Unlike conventional modulation, where each constellation point has the same probability of being used, PCS uses the lower-energy/power inner constellation points more frequently and the higher-energy/power outer constellation points less frequently, as shown in Figure 3. By adjusting the probabilities, PCS provides the option of fine bits-per-symbol granularity, enabling a far smoother capacity-reach curve than conventional QAM modulation. Furthermore, for the same average wavelength power and spectral efficiency, there is greater Euclidean distance between the constellation points relative to conventional QAM, which increases tolerance to linear noise such as the amplified spontaneous emission (ASE) noise from amplifiers. Alternatively, for the same linear noise tolerance as conventional QAM, less wavelength power is required, and therefore nonlinearities are lower.

Another feature supported by some 800G engines is subcarriers, referred to as Nyquist subcarriers or frequency-division multiplexing (FDM), depending on the vendor. This technology takes a single high-baud-rate carrier and digitally divides it into multiple lower-baud-rate subcarriers. This approach significantly reduces chromatic dispersion and the noise created inside the optical engine when compensating for chromatic dispersion.

Increased wavelength capacity-reach equals lower cost, space, and power

Baud rates in the 90- to 100-Gbaud range and advanced features including PCS have enabled dramatic increases in wavelength capacity-reach. For example, 400G-generation embedded coherent could deliver 400-Gbps waves to 100~300 km while 600G-generation embedded coherent could deliver 600 Gbps to 100~200 km. And while 800G reach will vary by vendor, there are engines that can deliver 800 Gbps to 1,000+ km, 600 Gbps to 3,000+ km, and 400G to 7,500+ km.

Increased wavelength capacity-reach provides significant benefits in terms of reducing the cost per bit, power consumption (which can be as low as 0.2W/G), and footprint with 6.4 Tbps of line interface capacity in 2 or 3 rack units. Such wavelength capacity-reach also makes the optical network easier to manage, with fewer wavelengths to install, provision, and monitor.

Better spectral efficiency and more fiber capacity

Deploying and lighting new fiber is an expensive and slow endeavor. Network operators therefore naturally want to maximize the capacity of their existing fiber. One way in which 800G-generation coherent can help with this relates to improved spectral efficiency. 800-Gbps optical engines leveraging features including 64QAM modulation, PCS, spectral shaping and super-channels can deliver spectral efficiency in excess of 8 bits per symbol with up to 40 Tbps in the C-Band. Several vendors now provide L-Band variants of their 800G engines, enabling up to 80 Tbps per fiber when combing the C- and L-Band together.

Deliver 400GbE services

Compact pluggable form factors such as QSFP-DD are making 400 Gigabit Ethernet (GbE) an attractive option for routers, with network operators seeing increasing demand for 400GbE transport both as an internal service interconnecting their own routers and as a service for wholesale and enterprise customers. Delivering these services cost-effectively is key. 800G-generation coherent enables 400GbE on a single wavelength to be delivered over very long distances. Over shorter distances, 800G enables two 400GbE services to be delivered on a single wavelength, thus driving down the cost per service.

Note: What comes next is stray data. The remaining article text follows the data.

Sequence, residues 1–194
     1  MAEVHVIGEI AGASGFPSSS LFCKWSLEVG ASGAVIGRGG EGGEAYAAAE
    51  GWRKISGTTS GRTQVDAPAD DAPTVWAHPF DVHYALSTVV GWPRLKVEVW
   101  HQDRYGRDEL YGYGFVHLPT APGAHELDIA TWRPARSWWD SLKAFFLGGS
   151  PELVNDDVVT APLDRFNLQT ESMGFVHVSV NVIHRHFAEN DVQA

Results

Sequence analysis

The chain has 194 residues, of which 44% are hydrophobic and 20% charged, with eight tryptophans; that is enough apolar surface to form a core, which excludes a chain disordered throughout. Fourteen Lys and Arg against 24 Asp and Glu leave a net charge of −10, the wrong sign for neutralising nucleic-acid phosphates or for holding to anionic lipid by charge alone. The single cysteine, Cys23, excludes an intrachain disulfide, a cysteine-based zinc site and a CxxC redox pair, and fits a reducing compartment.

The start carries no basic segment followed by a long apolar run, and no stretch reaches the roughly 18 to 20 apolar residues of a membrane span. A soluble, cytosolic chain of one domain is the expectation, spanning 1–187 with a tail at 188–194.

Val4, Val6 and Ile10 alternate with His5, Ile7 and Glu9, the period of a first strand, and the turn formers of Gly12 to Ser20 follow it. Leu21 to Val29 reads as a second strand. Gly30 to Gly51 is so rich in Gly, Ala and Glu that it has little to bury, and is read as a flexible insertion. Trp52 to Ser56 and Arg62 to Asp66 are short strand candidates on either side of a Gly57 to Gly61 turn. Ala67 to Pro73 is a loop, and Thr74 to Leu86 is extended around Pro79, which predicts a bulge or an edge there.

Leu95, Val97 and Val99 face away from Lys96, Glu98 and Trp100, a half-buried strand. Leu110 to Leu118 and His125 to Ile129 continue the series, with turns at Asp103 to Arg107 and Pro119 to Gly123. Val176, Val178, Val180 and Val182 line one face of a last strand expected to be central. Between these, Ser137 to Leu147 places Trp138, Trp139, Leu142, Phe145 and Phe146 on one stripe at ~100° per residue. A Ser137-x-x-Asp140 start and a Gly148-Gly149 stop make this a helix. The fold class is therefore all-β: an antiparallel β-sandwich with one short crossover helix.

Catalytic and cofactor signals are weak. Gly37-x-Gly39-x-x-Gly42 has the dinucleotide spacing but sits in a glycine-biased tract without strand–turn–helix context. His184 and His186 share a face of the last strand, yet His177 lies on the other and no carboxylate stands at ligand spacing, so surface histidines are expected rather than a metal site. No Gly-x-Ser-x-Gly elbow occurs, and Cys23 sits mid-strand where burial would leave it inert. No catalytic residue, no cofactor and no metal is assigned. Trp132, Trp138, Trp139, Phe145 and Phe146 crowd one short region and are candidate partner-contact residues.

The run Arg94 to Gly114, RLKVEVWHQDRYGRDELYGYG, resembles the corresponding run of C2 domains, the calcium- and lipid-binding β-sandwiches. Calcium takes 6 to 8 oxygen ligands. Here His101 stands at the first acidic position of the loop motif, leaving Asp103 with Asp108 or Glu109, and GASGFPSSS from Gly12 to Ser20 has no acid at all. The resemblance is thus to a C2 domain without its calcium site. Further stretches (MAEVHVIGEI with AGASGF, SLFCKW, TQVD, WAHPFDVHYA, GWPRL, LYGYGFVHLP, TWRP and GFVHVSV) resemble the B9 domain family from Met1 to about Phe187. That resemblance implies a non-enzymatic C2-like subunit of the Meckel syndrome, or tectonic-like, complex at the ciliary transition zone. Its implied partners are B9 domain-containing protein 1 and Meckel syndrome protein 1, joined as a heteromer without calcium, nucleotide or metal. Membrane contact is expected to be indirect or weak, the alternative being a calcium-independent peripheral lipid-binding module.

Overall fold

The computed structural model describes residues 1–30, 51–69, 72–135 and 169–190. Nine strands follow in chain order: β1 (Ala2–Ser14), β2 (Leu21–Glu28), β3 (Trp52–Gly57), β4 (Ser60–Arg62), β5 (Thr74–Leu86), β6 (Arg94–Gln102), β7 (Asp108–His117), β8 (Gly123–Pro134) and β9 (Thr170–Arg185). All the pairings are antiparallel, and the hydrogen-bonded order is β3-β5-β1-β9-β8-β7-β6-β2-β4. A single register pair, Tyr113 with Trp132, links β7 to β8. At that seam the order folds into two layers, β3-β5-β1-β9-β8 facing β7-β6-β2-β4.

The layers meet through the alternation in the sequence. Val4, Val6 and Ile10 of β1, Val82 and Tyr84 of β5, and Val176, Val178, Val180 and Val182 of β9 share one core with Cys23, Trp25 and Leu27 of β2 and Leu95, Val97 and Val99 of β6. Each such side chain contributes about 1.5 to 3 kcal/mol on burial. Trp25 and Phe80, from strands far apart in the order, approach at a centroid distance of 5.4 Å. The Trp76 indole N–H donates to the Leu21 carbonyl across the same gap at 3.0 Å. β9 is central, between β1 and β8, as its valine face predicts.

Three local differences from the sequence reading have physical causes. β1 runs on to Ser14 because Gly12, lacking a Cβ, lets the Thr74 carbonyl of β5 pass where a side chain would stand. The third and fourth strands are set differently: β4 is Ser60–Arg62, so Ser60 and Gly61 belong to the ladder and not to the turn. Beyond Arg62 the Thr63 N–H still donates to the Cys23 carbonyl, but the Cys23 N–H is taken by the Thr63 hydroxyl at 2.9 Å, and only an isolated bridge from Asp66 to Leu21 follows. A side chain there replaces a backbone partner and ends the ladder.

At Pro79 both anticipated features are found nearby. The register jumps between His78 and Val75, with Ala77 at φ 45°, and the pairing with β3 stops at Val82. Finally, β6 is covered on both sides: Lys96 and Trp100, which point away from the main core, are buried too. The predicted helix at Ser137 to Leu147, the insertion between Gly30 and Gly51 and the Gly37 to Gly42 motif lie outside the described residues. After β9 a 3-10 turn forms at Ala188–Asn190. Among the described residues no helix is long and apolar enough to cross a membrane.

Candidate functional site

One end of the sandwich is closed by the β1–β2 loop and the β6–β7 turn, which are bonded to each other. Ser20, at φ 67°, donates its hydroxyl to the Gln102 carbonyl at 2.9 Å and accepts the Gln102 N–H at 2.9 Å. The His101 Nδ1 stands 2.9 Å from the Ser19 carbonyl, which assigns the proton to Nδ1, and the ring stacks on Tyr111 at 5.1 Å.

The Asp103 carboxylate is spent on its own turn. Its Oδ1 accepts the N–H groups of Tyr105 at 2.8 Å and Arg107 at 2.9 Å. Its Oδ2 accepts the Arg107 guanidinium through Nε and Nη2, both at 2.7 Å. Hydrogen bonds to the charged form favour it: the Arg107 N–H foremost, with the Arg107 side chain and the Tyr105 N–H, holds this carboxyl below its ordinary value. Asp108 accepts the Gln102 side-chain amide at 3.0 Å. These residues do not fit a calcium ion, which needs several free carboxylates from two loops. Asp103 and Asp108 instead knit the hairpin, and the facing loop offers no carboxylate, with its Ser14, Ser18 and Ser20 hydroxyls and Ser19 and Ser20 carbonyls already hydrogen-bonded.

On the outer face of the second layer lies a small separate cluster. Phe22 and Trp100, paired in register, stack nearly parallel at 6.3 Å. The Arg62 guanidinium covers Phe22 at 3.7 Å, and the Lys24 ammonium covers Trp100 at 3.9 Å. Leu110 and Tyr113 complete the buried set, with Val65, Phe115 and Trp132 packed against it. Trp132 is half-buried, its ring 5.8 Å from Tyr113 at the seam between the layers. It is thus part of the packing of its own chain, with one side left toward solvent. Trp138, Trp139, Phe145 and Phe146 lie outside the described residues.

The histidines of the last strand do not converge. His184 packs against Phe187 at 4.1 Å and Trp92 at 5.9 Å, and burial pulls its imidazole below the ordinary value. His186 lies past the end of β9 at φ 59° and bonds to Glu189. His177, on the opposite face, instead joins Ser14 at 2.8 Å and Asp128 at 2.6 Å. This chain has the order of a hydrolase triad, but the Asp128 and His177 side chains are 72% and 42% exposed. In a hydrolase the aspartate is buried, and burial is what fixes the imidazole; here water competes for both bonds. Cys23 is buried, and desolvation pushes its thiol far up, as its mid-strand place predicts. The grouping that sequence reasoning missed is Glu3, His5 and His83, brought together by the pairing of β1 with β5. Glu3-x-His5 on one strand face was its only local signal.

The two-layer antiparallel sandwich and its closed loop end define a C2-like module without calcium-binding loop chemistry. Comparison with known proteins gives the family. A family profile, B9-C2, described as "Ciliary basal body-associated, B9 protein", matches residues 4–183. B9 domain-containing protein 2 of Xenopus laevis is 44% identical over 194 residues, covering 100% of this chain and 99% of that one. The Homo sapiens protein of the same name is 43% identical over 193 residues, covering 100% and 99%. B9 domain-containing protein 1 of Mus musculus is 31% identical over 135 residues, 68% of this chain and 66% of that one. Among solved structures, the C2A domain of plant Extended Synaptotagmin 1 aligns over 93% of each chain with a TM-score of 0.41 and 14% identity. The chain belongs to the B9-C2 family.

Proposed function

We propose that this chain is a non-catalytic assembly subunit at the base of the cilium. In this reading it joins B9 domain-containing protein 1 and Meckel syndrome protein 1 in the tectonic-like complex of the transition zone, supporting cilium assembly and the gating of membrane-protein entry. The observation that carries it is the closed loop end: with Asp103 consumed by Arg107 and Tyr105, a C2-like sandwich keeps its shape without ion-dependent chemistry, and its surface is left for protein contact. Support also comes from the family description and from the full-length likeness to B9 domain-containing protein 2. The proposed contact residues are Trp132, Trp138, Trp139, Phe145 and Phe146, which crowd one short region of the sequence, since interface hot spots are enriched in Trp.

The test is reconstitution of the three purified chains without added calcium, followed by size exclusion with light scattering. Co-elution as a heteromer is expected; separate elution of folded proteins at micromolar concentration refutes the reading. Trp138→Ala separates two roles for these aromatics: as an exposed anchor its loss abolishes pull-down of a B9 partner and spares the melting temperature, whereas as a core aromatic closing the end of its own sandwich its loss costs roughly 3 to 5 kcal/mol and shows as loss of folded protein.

Some 800G-generation engines also support two wavelengths and bandwidth virtualization. This feature can enable three 400GbE client services to be delivered over two 600-Gbps wavelengths in scenarios where 800 Gbps cannot be supported but where 400 Gbps would leave excess margin on the table.

Bandwidth virtualization can also be useful under challenging conditions (poor-quality fiber, long spans, G.655 fiber with low chromatic dispersion, etc.) where a single 400-Gbps wavelength cannot be supported. An example is enabling a 400GbE service to be delivered over two 200-Gbps wavelengths.

High-performance coherent beyond 800 Gbps

While coherent pluggables have a strong role to play in applications including metro data center interconnect (DCI), metro edge, metro-regional network, and in the future even inside the data center, high-performance embedded optical engines will continue to play a leading role in long-haul and subsea applications where performance and in particular spectral efficiency are top priorities. The next generations of coherent optical engines will leverage advanced CMOS process nodes for more powerful DSPs, together with higher-performance analog electronics, modulators, and other photonic components. Expect both 140+ Gbaud, 1.2 Tbps per wavelength, and 200-Gbaud, 1.6-Tbps optical engines to emerge in the coming years.

Paul Momtahan is director, solutions marketing, at Infinera.

About the Author

Paul Momtahan | director, solutions marketing, Infinera

Paul Momtahan is director, solutions marketing, at Infinera.